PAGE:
Great Power Competition
GPC7: The Current Rise of the Great Powers and the Battle for Influence in the Greater
Middle East, North Africa, and Central and South Asia.
March 7-9, 2023
Marshall Center, USF Tampa Campus
GPC7 featured a keynote address from General (Ret) Frank McKenzie, former commander of U.S. Central Command, as well as addresses from Brigadier General (Ret) Peter Zwack, Gregory Ryckman from the DIA, David Lamm from NESA, Lieutenant General Dimitri Henry from the Joint Staff and Major General David Doyle, Chief of Staff at U.S. Central Command. The conference focused on the growing battle with Russia and China for influence in the Greater Middle East and implications for the Central Region.
GPC6: Russia's Invasion of Ukraine: Implications for the Central Region
December 8, 2022
Patel Center for Global Solutions, USF Tampa Campus
Originally scheduled for September of 2022, GPC6 was postponed because of Hurrican Ian. Rescheduled for December, and consolidated into a one day event, GPC6 featured a keynote address from General Michael E. Kurilla, Commander of U.S. Central Command. Addresses were also delivered by General (Ret) Frank McKenzie, Executive Director of GNSI and former commander of U.S. Central Command, as well as Ambassador and former Assistant Secretary at the U.S. Treasury Department, Marshall Billingslea.
GPC5: The Future of U.S. National Security
April 28-29, 2022
GPC5 examined the position of the United States as a result of some of the dramatic changes to US foreign and domestic policy, law enforcement, intelligence gathering, counterterrorism, and military operations after the terrorist attacks of September 11, 2001, our withdrawal from Afghanistan, and the Russian invasion of Ukraine, and extrapolating their impact for 2022 and beyond, considering how each of these areas may need to adapt (or not) for that uncertain future in the face of new and emerging threats from foreign adversaries.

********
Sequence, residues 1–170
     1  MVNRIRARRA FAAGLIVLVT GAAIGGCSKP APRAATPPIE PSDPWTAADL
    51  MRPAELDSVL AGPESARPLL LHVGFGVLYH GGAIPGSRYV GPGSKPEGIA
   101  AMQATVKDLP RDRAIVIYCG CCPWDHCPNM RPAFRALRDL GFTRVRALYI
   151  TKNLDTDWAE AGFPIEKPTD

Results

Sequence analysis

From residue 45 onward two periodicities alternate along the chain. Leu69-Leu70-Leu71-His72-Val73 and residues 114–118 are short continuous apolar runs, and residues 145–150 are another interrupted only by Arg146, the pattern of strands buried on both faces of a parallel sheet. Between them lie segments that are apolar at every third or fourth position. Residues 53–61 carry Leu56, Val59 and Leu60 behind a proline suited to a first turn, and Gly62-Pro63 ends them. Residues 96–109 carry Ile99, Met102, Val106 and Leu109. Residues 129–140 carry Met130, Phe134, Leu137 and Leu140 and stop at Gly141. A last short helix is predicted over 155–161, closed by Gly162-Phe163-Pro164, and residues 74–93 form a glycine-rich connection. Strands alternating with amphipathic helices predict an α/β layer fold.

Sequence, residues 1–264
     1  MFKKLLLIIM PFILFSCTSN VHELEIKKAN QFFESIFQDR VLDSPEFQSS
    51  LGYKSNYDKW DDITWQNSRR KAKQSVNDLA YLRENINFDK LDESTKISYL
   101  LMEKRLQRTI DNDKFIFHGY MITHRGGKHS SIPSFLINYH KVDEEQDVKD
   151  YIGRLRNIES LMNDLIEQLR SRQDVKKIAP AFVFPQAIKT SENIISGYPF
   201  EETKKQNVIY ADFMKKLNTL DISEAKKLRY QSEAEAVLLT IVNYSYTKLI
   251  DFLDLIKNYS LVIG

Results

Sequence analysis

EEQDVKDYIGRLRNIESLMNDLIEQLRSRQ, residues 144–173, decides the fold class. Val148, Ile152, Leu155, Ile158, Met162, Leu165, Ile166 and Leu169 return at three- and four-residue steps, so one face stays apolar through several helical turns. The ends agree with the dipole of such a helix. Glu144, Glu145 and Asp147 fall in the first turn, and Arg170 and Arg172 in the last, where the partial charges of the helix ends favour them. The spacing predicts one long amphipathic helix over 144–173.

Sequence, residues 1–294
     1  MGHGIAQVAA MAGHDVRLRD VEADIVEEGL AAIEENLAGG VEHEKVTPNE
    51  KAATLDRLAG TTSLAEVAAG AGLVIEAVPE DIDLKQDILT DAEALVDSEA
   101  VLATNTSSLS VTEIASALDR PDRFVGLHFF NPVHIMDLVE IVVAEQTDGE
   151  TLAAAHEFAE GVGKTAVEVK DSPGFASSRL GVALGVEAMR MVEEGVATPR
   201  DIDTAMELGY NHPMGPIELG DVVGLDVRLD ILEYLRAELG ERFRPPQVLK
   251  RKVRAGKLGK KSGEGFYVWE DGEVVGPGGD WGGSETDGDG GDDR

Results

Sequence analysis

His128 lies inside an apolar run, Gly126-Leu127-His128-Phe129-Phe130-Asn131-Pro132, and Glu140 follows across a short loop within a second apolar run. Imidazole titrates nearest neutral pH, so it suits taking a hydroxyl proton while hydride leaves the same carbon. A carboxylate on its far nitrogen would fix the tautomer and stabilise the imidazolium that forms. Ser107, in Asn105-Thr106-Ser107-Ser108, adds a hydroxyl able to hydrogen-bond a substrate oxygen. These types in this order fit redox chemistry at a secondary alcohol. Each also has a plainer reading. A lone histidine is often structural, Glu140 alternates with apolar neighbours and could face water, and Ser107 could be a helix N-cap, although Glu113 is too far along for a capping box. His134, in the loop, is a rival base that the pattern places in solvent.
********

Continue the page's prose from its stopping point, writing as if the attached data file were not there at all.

Picking up where the September 2021 GPC conference left off, this event will feature commentary from the people who helped lead and implement some of the Nation’s most dramatic post-9/11 changes—geopolitically, institutionally, legally, and otherwise, from three perspectives: Where are we today, where might we be in 2032, and what does the US need between now and then to influence that future? Where appropriate, speakers will focus specifically on the CENTCOM AOR, exploring, for example, how will the nature of the threat change over the next decade, and what can the US do to prepare for it. In that regard, many laws, organizations, and policies were established in response to 9/11, but are they still viable today…and how might (or must) they change in the future? Where might the next 9/11 come from, and are we ready?
GPC4: Two Decades of National Security Since 9/11
September 22-23, 2021
As the US turned the corner on the two decades since 9/11 and began withdrawal from 20 years of war in Afghanistan without a clear indication of what it achieved, an introspective approach was critical. This GPC Conference, the fourth in a continuing series, focused on the terrorist attacks of September 11, 2001, and the United States’ subsequent military and diplomatic response.